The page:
This is actually what we first saw in the DFT video from a few days (and this confirms that hackers already have builds of Mango). Users can now search through their installed application via a jump-list or simply by typing in the textbox. Search is also now directly connected to the Marketplace and Bing. For example if you do a Bing search for a movie you will have an extra pivot tab in the results contain the movie related application already installed on your device. This will also allow deep linking into third-party apps so that when you tap on the application it will jump directly to the movie your searched for in Bing etc.. One nice thing you will notice in the picture below is that Image search is FINALLY available as part of Mango.

The Marketplace search results are also now filtered via a pivot control just like I suggested in my Windows Phone 7 review a couple of months ago. The Marketplace will also include podcast downloads (only in the US).

Mango will also include support for 16 languages (not 14 as previously announced):

Mango also finally brings developer access to all the devices sensors (yes even Gyroscopes which are going to be found in future WP7 handsets later this fall) via motion sensors API.

This was demo’d with an updated version of the Amazon application which includes support for bar-code scanning and also the Layar application.

Mango also includes an updated version of the live tiles (with new animations) and push notification features called live agents which can be used in conjunction with the OS’ new multi-tasking features. Users can also pin application features to the home screen (as seen in the picture below where the bar-code scanning feature was pinned).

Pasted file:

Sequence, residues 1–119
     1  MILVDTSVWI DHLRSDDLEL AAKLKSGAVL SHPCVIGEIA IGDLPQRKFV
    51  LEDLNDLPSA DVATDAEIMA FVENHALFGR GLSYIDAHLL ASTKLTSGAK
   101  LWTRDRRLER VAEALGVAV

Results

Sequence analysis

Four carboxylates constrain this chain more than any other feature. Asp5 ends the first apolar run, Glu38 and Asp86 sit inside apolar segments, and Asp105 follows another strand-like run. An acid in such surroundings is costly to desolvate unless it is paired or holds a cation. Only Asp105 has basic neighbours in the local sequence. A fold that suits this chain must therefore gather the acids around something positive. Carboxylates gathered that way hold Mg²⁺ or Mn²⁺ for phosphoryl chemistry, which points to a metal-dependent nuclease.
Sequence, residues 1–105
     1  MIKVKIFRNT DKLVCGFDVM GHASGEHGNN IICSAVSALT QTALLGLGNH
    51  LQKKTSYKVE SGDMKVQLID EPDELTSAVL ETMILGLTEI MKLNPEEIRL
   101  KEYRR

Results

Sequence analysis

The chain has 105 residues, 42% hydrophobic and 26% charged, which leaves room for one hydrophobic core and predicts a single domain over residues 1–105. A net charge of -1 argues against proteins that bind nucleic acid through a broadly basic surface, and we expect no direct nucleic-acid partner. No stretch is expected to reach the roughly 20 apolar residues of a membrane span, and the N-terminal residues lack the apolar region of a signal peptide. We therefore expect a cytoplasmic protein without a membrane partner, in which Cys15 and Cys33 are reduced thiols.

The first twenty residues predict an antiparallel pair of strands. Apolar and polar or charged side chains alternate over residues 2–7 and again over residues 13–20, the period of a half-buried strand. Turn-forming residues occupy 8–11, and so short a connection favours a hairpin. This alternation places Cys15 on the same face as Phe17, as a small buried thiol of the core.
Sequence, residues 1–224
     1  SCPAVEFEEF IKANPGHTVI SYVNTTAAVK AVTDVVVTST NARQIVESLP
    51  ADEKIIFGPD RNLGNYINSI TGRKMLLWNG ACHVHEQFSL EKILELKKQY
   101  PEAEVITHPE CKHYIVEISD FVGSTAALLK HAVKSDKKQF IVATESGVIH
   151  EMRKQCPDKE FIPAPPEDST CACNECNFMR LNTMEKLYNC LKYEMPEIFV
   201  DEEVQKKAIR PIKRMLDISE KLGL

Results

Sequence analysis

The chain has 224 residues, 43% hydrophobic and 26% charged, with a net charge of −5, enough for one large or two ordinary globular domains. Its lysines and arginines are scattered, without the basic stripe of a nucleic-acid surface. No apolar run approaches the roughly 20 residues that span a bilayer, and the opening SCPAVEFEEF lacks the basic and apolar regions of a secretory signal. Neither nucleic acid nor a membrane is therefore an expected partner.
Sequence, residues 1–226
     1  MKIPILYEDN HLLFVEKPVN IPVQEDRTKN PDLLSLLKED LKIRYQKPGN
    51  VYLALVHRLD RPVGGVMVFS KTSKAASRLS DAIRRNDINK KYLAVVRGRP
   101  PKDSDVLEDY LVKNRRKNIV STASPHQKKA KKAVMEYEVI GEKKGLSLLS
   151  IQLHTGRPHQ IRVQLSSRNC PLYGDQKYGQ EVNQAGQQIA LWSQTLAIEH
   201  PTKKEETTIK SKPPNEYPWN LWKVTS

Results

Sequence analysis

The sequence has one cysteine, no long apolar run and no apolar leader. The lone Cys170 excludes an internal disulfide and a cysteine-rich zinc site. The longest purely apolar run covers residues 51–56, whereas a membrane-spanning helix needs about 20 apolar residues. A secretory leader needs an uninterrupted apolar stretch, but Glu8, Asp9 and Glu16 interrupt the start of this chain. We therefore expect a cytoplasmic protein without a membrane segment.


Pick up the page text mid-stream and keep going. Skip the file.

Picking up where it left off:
Check out most of the new features in the video below:

Internet Explorer 9 Mobile was also demoed showing GPU accelerated HTLM5 rendering and unfortunately it looks like the UI we saw earlier at MWC11 and today is going to be the real thing (I kinda find it a bit lame that we now have to “open” the app bar to access the tabs and favorites..). HTML5 Audio can also be streamed through the browser and keep play in the background even under the lock-screen.

IE9 Mobile in landscape view:

Last but not least: TCP IP sockets support. Skype is going to be released this fall and all third-party developers will be able to use sockets in the apps thanks to SL4. Mango will also include SQL Compact 4.0 engine Embedded Database.

The Mango SDK and developer tools which will now feature built-in sensors & location simulators for the emulator plus advanced performance tracking / troubleshooting functionalities are going to be released next month.

Mango will also include: Custom ringtones support, background file transfer the ability to developed application which can include Silverlight and XNA and probably more features that have yet to be announced.

UPDATE: Check out my second post on the subject: Windows Phone 7 Mango media and speed improvements overview: 32bit color support, better controls
UPDATE: You can now watch the full keynote here.

  • Techtacy

    can we learn the 16 upcoming lungauges?
    Greek is inside?

  • MobileTechWorld

    Good question. If I had to guess I would say yes but the official list of supported languages hasn’t been shown AFAIK.

  • Anonymous

    These are overwhelmingly awesome news. If only they’d hurry it up that would be super. Here’s hoping that we get to taste some mango by the end of the summer.

  • MobileTechWorld

    I’ve just updated the news with the full list of new languages (screen cap from the keynote). Greek is in there…

  • Jules

    Hmmm we need to see Mango delivered some time soon.  Somehow I don’t have the confidence in MS delivering thi year.  As a developer I am having real problems with the Grabage Collector.  But I don’t know if this new Gneratioanl GC will actually solve our problems.  We cannot really wait another 6 months to experience the new GC.  So we have stopped development until I have more confidence in the platform.